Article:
Quote of the Week: Realism and Nuclear South Asia

In his introduction to Inside Nuclear South Asia, Scott D. Sagan discusses and critiques what he terms “excessively narrow realist views of nuclear proliferation,” saying:

“Realists in political science argue that states will acquire nuclear weapons only if such an arsenal is absolutely necessary to counter an international threat to vital security interests. They also maintain that mutual possession of nuclear weapons by two rival states is likely to produce stable nuclear deterrence…. neither of these predictions has been accurate inside nuclear South Asia… an understanding of domestic actors and their interests is necessary to understand both the causes and consequences of nuclear proliferation….

“This volume also explains the important puzzle about why the advent of nuclear capabilities between the two South Asian rivals has not led to a stable nuclear peace…. domestic political incentives, common military biases and organizational pathologies, and state-supported terrorist incidents have produced a series of military crises and one war between India and Pakistan despite (and in some cases because of) their acquisition of nuclear weapons. Some of these events reflect the intent of lower-level government officials or military officers; others are better described as inadvertent outcomes of internal politics and poor civil-military decision making.”

What’s your take?


Image: Indian Ministry of External Affairs, Flickr

Posted in , India, India-Pakistan Relations, Nuclear, Nuclear Weapons, Pakistan, Quotes

Julia Thompson

Julia Thompson

3 thoughts on “Quote of the Week: Realism and Nuclear South Asia

  1. Nobody has dared using nukes so far. American and Russian nuclear arsenal is rusting and rotting. One ostensible reason could be described as the duo’s distance from religion and its moral weight. Cold War between the two superpowers resulted in on one side in Soviet’s’ meltdown in 1989 and now America has become on the other side world’s biggest debtor and its economy no more capable to support its overseas adventurism. In meantime, China’s long awaited rise has challenged the old world order with India leap-frogging on China’s heals. The world is now ruled and driven by economic statecraft. India and China comprise more than half of world’s activists demographics, which is being harnessed with the duo’s colossus industrialism. As for as the trio, India, China and Pakistan are concerned, it is fallen on Pakistan to initiate a military campaign against terrorism. Let me add here that terrorism does not wash and mix with Islam. According to the teachings of Qur’an, keeping the world safe for humanity is God’s own responsibility. God has His own “Lashkers” in heavens that He had send down in the past in early period of Islam. The first Battle ofBadar was God’s first example of destroying the enemy onslught by His Angels that created terror in enemy ranks. Pakistan Army needs to invoke heaven’s aid by purifying its ranks and heeding with Islamic teachns. Entire terrorism is on the wrong side of heavens.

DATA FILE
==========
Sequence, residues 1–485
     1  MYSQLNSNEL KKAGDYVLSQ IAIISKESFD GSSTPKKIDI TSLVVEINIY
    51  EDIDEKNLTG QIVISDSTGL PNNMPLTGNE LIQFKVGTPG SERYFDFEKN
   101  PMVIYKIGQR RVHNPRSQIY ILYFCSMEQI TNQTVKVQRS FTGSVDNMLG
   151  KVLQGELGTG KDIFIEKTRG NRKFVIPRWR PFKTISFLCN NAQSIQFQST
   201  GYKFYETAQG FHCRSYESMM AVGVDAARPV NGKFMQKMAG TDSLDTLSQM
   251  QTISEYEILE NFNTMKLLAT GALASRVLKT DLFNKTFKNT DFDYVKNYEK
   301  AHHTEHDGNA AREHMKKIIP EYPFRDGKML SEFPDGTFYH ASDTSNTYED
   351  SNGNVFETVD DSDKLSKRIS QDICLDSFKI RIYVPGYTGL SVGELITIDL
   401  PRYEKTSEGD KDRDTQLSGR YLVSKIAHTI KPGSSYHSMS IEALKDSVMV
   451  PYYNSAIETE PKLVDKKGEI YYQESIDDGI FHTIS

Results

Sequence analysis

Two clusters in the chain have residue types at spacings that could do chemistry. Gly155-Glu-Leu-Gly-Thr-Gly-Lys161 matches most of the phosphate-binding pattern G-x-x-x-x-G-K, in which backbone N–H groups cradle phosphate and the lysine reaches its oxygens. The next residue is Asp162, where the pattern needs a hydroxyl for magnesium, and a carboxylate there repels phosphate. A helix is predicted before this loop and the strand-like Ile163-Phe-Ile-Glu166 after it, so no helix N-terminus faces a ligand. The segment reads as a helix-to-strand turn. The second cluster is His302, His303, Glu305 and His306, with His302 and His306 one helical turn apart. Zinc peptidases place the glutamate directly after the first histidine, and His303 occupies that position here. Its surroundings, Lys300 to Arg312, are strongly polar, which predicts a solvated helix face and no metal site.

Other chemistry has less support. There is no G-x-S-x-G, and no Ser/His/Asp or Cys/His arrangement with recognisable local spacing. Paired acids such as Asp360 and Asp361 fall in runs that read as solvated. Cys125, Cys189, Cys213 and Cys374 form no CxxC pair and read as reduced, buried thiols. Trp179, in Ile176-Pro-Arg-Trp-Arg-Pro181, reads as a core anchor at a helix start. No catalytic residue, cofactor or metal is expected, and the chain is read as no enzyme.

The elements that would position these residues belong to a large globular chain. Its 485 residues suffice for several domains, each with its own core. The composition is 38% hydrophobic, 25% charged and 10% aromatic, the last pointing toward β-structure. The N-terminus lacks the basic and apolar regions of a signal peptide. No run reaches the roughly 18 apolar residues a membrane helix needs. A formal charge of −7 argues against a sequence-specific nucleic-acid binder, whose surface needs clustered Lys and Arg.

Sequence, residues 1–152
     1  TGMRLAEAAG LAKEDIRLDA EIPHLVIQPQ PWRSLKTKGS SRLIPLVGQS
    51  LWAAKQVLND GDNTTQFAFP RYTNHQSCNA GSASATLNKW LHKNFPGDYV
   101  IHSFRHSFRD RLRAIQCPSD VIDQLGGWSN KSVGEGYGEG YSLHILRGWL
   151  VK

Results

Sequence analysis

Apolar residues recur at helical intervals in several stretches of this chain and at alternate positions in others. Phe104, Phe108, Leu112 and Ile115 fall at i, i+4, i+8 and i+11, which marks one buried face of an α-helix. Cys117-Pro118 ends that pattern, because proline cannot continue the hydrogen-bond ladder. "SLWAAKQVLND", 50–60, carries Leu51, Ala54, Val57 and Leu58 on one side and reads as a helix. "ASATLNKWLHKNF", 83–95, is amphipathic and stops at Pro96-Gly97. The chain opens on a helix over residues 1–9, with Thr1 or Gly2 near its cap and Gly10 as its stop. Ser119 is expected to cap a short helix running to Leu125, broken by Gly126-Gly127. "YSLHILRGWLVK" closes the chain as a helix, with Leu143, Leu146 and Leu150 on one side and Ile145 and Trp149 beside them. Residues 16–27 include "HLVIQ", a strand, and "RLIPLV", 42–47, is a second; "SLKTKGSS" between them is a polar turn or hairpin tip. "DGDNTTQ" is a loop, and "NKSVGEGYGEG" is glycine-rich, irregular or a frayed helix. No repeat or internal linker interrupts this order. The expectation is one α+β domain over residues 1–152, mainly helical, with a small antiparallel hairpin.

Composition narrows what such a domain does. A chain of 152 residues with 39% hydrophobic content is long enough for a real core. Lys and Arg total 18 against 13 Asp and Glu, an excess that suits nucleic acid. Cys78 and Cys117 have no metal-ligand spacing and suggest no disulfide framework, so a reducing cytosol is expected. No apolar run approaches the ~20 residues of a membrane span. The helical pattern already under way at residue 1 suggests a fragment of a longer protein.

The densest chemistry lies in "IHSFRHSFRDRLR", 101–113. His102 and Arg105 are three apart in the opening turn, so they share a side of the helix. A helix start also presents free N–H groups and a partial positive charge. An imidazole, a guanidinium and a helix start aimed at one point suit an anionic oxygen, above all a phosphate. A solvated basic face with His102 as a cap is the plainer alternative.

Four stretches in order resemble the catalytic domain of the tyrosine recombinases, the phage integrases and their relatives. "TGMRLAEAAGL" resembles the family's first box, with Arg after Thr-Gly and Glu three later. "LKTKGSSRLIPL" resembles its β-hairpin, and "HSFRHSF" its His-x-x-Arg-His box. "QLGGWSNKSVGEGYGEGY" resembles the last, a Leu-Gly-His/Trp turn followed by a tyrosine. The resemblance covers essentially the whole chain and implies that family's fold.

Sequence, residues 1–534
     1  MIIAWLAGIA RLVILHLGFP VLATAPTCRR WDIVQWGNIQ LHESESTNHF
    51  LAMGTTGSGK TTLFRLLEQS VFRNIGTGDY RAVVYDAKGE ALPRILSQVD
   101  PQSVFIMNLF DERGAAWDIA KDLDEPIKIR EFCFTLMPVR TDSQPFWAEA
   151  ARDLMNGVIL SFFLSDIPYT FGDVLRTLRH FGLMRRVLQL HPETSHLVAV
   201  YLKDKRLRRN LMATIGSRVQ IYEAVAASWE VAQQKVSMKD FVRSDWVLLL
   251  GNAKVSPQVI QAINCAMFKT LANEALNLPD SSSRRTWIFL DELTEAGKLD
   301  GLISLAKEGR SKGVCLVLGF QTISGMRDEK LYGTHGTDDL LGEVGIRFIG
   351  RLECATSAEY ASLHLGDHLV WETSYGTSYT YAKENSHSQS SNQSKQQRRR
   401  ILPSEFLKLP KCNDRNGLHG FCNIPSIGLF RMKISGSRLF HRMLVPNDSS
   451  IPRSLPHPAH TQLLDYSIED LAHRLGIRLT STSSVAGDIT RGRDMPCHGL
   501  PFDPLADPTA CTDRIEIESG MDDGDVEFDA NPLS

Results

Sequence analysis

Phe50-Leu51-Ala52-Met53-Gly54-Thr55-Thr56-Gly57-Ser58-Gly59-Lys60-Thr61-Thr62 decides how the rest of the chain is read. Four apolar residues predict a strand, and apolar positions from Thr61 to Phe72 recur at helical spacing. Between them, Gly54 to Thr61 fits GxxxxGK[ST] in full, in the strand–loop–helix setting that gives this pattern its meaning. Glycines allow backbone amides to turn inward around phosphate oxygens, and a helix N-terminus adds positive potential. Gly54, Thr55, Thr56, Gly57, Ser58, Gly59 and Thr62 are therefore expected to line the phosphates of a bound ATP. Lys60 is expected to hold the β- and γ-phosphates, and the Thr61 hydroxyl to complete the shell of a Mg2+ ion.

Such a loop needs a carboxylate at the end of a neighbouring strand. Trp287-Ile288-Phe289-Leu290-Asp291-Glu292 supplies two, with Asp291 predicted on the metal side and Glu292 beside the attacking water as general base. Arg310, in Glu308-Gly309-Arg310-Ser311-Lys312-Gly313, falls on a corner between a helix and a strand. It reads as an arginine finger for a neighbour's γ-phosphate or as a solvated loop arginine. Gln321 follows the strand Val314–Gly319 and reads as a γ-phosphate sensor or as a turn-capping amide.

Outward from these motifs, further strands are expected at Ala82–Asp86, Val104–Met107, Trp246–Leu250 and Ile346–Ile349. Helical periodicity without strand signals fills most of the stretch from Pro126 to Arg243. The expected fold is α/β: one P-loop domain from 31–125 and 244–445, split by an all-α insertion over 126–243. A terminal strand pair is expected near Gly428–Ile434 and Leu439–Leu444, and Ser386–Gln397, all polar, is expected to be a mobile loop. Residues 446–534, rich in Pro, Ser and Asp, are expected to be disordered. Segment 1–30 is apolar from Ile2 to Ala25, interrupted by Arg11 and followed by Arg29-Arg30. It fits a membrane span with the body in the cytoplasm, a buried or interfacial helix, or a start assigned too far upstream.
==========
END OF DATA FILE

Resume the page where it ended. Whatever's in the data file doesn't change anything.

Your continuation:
2. The realist argument that “mutual possession of nuclear weapons by two rival states is likely to produce stable nuclear deterrence” may be narrow, but it also kind of depends on how one views what “stable nuclear deterrence” would stand for.

    I mean yes the region has been volatile with frequent border skirmishes and one war since 1998. But if one was to define stable nuclear deterrence to be a case where the two countries successfully deter each other from conducting a nuclear first strike, then it has been a stable nuclear deterrence.

    Essentially that is precisely the role that nuclear weapons are expected to play, at least in India. As one of the former foreign secretaries noted (in a closed-door discussion), India’s nuclear doctrine essentially aims at deterring a first use of nuclear weapons and does not aim to deter a conventional attack. It is the case, perhaps, because India would like to better utilize its conventional superiority, should there be a need for it. If stable nuclear deterrence is to include conventional stability as well, then India would not have many options as a response against a terrorist strike such as 26/11.

  3. In recent history nuclear weapons or even conventional military operations have been used against countries that lacked nuclear weapons. One also finds that North Korea despite sinking a South Korean warship was spared an adequate military response.

    The presumption remains that NK possessed nuclear capability with inscrutability about its use that saved the day for her.

    This fear of possible NW’s use provides a smaller adversary an umbrella of security against a larger more powerful even nuclear armed military threat.

    Still, even between between heavily nuclear armed adversaries, one of the adversaries might as the Chinese say “run out of words;” and may not draw back as Kruschev once did. Can such a possibility be ruled out? Very doubtful.


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